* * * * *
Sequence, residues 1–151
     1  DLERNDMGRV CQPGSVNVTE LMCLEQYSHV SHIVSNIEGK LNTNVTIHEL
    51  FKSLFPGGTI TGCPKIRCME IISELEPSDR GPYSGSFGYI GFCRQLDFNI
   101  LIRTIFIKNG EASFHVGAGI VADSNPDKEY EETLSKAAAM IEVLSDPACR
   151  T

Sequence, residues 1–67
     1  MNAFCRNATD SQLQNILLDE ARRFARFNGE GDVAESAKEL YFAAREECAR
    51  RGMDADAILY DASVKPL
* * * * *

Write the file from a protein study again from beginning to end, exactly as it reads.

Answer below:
Sequence, residues 1–151
     1  DLERNDMGRV CQPGSVNVTE LMCLEQYSHV SHIVSNIEGK LNTNVTIHEL
    51  FKSLFPGGTI TGCPKIRCME IISELEPSDR GPYSGSFGYI GFCRQLDFNI
   101  LIRTIFIKNG EASFHVGAGI VADSNPDKEY EETLSKAAAM IEVLSDPACR
   151  T

Sequence, residues 1–67
     1  MNAFCRNATD SQLQNILLDE ARRFARFNGE GDVAESAKEL YFAAREECAR
    51  RGMDADAILY DASVKPL